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Why school is a sanctuary for girls in Kenya

Mary and Rehema sleep in adjoining bunks at a girls’ dormitory built by ChildFund at a school in Samburu County, Kenya.

They’re both 14, and when they get a little older, they both want to work in healthcare. There’s something empowering about the idea of becoming a professional healer. Where they’re from, girls don’t often get that opportunity.

In the pastoral communities of north-central Kenya, the pace of life rises and falls with the seasons.

The sweltering blue sky of the dry season grows gray and heavy when the rains come, first the short rains and, later, the long.

Livestock — the basis of the local economy — are born, have their own babies and die. Most children grow up helping their families look after cattle, donkeys, camels and goats.

But for girls — who often aren’t encouraged to go to school — livestock sometimes becomes the inherent, inadvertent purpose of their lives, the limit of their learnings about the world.

Rehema was almost married off at age 12

“I was brought up just to care for my family’s animals,” says Rehema.

“If I were to live at home, I wouldn’t be able to study,” echoes Mary. “I would only be herding livestock and doing chores.”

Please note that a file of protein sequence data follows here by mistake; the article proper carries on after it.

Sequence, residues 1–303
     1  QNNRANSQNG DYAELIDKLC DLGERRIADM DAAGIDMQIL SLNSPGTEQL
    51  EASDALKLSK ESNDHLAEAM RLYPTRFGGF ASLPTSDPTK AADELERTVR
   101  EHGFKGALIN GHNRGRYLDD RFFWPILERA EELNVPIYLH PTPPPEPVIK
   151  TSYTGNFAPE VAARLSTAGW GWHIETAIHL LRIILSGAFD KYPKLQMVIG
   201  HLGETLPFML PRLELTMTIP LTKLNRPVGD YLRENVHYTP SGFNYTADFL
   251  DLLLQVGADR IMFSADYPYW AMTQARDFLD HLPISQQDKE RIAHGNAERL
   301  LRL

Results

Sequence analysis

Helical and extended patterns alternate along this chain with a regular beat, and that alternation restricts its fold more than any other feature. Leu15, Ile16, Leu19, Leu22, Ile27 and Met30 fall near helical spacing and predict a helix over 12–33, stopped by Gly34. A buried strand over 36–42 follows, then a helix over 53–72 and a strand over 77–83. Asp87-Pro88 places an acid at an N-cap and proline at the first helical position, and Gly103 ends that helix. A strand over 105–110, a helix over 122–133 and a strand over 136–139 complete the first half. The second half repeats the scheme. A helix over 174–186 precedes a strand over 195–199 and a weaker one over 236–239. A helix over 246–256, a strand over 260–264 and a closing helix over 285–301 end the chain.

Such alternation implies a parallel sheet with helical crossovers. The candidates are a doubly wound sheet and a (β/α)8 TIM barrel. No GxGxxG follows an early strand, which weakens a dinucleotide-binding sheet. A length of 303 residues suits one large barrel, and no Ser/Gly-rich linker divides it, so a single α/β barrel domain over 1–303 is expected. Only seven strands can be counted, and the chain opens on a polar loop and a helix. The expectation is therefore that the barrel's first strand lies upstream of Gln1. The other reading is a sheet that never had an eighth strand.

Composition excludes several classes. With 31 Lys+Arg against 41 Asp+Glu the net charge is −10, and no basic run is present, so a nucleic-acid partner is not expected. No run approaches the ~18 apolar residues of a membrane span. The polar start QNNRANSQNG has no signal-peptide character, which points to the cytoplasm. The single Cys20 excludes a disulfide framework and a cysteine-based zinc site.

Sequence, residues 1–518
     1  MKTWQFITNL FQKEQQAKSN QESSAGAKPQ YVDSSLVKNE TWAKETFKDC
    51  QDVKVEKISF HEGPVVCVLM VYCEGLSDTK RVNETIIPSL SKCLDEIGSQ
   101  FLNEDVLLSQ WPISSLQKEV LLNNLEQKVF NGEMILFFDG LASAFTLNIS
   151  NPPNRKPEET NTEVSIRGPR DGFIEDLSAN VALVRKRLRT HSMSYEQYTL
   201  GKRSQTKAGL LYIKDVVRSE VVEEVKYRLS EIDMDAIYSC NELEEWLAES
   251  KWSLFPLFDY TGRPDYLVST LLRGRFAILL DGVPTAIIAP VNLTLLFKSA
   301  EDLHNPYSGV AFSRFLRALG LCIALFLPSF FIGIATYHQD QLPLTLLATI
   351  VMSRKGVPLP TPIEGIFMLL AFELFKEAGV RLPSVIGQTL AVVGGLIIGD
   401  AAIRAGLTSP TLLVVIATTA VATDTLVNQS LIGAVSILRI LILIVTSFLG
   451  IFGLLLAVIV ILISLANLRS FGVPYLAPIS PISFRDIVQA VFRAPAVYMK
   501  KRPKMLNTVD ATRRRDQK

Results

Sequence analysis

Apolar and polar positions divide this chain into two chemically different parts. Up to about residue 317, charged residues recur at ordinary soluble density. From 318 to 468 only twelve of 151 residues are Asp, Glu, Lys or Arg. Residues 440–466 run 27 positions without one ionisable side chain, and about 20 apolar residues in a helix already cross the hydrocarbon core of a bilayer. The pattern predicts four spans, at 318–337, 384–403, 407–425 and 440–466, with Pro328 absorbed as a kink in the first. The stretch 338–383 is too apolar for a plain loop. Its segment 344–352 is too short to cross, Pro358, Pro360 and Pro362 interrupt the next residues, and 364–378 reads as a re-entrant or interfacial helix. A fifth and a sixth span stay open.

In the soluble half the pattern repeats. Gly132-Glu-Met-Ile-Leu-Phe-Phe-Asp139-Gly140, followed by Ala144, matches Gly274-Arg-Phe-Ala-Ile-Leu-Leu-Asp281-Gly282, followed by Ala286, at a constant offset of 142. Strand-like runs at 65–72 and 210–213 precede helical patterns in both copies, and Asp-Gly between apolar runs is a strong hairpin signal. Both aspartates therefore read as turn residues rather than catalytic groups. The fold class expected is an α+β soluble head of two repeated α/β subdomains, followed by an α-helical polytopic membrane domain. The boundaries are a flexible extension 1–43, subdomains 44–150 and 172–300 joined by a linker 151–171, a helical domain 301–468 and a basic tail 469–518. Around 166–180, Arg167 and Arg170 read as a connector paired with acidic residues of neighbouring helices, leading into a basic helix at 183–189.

Mary wants to become a doctor once she graduates

Even though education is free in Kenya and enrollment has skyrocketed, families are still responsible for covering uniforms, supplies and other fees — so when financial resources are limited, girls are often the first to be kept home.

Cultural attitudes about women’s roles dictate that boys’ education is more important because girls should be focused on finding a husband. And 23 percent of girls are married as children.

Pack your bags. We’re running away — not far, but far enough.

Schools can provide opportunity and safety for girls in Kenya

The ChildFund-supported school is a seven-hour walk from Mary’s home.

Without the option to board here, she wouldn’t be able to attend.

“I’m thankful to be living here,” she says. “At home, we barely have enough food, but here, there is enough to eat.”

And she can feed her mind — fuel for her dream of becoming a nurse.

For Rehema, education represents the day-and-night difference between autonomy and dependency, wellbeing and danger. Growing up, her family never sent her to school.

“One day when I was 12, I heard my parents planning to marry me off,” she says. “I decided to run away to school.”

When her parents tracked her down, demanding that she be married, the school staff — especially the dorm matron, Lucy Nguru — “accepted me and stood with me so I could stay.”

Photos: Jake Lyell

When Mary finishes school she wants to become a nurse

Mary’s and Rehema’s dormitory is one of many that ChildFund has constructed in schools in several African countries to support girls’ access to education.

Other times, ChildFund builds the actual schools, creating a supportive all-girls’ learning environment where young women can find a safe haven from early marriage, female genital mutilation/cutting (FGM/C) and other tradition-driven forms of gender-based violence.

“This dormitory gives me a safe place where I can stay and concentrate on my education,” says Rehema. “I’m thankful to be in school.”

Those she meets on her journey will be thankful, too, once they experience for themselves her capability and courage — fine qualities in a doctor, indeed.

Your donation today can help girls like Mary and Rehema stay in school

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